In every generation two or three commentaries on Romans appear that define the discussion for years to come. This commentary by Richard Longenecker is just such a work. It is clearly and judiciously written and comprehensive in scope. In addition to dealing with all of the relevant ancient and modern literature on Romans, it provides a close reading of the Greek text without losing the reader’s attention. Most importantly, it highlights the theological content and continuing importance of Romans for the church today. I enthusiastically recommend Longenecker’s work for those who want to engage Romans seriously on an exegetical and theological level.

—Frank J. Matera, Pastor at St. Mary’s Church, professor, Catholic University of America

Richard N. Longenecker is professor emeritus of New Testament at Wycliffe College, University of Toronto. His many other books include The Christology of Early Jewish Christianity, New Testament Social Ethics for Today, and Introducing Romans: Critical Issues in Paul’s Most Famous Letter.

The First Epistle to the Corinthians

  • Author: Anthony C. Thiselton
  • Editors: Donald A. Hagner, I. Howard Marshall
  • Series: The New International Greek Testament Commentary (NIGTC)
  • Publisher: Eerdmans
  • Publication Date: 2000
  • Pages: 1,479

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This superb volume in the New International Greek Testament Commentary series provides the most detailed, definitive, and distinctive commentary on 1 Corinthians available in English to date.

One of the world’s most respected Christian theologians, Anthony Thiselton here provides in-depth discussion of the language of 1 Corinthians, presents his own careful translation of the Greek, traces the main issues of interpretation from the church fathers to the present, and highlights topics of theological, ethical, and sociohistorical interest today, including ethics and “rights,” marriage, divorce and remarriage, “headship,” gender, prophecy, and many others.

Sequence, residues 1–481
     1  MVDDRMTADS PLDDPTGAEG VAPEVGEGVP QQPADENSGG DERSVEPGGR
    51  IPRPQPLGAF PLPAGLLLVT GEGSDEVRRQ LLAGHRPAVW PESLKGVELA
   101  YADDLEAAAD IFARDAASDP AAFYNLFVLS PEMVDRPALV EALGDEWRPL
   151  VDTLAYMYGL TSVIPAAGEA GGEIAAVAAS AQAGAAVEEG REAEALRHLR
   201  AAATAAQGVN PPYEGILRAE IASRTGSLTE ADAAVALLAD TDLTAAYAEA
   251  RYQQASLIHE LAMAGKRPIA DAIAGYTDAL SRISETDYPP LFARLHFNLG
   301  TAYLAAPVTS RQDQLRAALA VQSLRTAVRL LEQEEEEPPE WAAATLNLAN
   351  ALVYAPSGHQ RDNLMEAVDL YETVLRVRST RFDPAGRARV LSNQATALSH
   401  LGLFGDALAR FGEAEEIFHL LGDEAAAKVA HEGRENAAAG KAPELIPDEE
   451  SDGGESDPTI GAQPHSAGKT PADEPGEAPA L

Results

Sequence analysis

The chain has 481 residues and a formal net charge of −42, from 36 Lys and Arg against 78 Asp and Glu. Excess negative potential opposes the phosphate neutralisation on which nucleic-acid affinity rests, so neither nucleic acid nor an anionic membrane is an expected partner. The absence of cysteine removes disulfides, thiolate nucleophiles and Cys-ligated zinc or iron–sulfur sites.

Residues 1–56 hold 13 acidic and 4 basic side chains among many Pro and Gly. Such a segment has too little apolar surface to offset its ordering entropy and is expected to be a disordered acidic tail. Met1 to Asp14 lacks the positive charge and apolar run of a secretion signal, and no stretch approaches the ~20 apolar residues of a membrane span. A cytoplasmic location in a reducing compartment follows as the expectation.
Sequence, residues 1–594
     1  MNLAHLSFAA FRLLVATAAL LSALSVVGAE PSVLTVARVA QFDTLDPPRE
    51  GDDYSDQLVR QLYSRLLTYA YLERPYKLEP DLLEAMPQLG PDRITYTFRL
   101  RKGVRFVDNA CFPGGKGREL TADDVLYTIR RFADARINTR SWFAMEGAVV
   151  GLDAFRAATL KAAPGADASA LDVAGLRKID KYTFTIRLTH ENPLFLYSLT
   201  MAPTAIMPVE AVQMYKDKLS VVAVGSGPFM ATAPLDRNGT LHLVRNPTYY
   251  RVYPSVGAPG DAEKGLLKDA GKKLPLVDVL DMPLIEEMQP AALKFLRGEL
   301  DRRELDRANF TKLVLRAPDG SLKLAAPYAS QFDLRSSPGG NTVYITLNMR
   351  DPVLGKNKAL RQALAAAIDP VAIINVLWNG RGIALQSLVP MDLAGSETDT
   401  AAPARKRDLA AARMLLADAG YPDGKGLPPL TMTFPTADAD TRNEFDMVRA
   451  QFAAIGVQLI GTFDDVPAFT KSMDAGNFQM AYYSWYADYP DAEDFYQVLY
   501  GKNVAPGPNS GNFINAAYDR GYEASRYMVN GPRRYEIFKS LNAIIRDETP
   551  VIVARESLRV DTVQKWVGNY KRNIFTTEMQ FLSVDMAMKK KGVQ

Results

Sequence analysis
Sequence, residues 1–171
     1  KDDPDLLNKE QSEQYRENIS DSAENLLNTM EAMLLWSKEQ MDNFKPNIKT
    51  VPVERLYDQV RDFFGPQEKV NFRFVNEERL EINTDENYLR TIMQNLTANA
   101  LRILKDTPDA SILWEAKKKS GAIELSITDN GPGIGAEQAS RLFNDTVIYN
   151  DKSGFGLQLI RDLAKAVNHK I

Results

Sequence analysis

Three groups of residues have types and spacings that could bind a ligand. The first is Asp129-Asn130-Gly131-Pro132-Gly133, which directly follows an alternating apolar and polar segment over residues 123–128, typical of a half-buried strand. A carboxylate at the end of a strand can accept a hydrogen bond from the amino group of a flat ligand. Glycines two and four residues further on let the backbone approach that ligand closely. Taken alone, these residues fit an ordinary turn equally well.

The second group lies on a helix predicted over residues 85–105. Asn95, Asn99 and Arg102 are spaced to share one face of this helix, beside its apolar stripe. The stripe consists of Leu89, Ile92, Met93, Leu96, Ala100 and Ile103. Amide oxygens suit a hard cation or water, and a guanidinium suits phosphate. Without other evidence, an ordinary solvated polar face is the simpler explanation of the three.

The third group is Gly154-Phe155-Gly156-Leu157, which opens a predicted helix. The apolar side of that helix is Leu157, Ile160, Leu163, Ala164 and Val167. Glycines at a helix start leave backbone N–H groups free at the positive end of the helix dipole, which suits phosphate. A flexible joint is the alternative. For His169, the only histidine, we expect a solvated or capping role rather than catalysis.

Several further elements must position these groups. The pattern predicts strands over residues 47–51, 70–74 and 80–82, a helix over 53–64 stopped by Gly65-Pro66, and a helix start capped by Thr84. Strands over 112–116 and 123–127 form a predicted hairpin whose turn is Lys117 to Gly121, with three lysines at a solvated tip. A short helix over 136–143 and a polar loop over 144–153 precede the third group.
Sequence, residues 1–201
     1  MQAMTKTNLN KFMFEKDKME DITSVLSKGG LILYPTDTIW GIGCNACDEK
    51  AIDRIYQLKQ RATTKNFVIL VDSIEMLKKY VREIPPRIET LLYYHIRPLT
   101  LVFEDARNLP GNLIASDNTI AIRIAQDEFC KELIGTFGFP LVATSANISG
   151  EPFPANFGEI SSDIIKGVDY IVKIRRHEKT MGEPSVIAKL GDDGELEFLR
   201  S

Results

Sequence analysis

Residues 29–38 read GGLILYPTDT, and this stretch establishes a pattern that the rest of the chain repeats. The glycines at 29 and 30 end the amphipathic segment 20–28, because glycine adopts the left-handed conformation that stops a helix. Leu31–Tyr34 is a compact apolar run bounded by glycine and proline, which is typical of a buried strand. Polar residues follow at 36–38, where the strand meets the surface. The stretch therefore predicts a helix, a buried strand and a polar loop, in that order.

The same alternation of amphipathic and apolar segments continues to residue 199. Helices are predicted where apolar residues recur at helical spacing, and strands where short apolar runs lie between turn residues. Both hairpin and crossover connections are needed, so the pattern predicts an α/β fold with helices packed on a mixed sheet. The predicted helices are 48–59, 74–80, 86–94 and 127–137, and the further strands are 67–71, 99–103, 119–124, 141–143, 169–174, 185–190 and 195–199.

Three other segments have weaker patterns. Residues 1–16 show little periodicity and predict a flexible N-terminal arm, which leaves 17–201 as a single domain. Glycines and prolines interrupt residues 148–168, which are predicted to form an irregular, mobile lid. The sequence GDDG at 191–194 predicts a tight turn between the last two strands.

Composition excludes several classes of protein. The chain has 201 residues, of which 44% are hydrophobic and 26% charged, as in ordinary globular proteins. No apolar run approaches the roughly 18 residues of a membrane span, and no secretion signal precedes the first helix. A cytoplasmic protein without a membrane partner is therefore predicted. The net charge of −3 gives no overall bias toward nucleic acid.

No other commentary on 1 Corinthians embodies the wealth and depth of detail presented in Thiselton’s work, which takes account of nearly all scholarly research on 1 Corinthians and incorporates substantial bibliographies throughout. In his commentary Thiselton indeed addresses virtually every question that thoughtful, serious readers—scholars, students, pastors, teachers—may wish to ask of or about the text of 1 Corinthians. His work truly offers a fresh, comprehensive, and original contribution to our understanding of this major epistle and its contemporary relevance.

  • Academy of Parish Clergy Top Ten Books of the Year - Number 9 (2001)
  • Evangelical Christian Publishers Association - Gold Medallion finalist for Reference/Commentary (2001)
Every New Testament book except 1 Corinthians has had at least one major English-language commentary on its Greek text published in recent years. For 1 Corinthians the last such commentary was Robertson and Plummer’s revised edition in 1914! Now this gap has been amply filled by one of the most detailed, widely ranging, and exegetically compelling commentaries ever written on any book in the Bible. Scholars, pastors, and students alike are all now massively indebted to Tony Thiselton for this prodigious work.

—Craig L. Blomberg, Denver Seminary

A prodigious commentary on First Corinthians which will be welcomed by students, scholars, and pastors alike. . . . A fine scholarly achievement. The substantial bibliographies, the excursuses incorporating ancient as well as the most recent scholarly discussion, and the comprehensive indices at the end make the volume not only a welcome addition to the literature on First Corinthians, but also a useful resource for the study of Pauline theology.

Evangelical Review of Theology

Anthony C. Thiselton is Emeritus Professor of Christian theology in Residence at the University of Nottingham in England.

The Second Epistle to the Corinthians

  • Author: Murray J. Harris
  • Editors: Donald A. Hagner, I. Howard Marshall